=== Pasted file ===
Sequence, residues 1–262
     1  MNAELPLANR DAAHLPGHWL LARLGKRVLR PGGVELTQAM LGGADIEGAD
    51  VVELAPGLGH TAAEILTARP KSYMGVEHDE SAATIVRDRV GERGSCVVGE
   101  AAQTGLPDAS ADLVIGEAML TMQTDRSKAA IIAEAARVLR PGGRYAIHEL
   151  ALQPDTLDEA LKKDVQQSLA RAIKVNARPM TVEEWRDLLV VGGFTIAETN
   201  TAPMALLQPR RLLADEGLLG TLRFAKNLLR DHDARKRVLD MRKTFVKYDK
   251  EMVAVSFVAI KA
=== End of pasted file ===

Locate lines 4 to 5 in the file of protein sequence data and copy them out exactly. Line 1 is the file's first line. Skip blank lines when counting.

   101  AAQTGLPDAS ADLVIGEAML TMQTDRSKAA IIAEAARVLR PGGRYAIHEL
   151  ALQPDTLDEA LKKDVQQSLA RAIKVNARPM TVEEWRDLLV VGGFTIAETN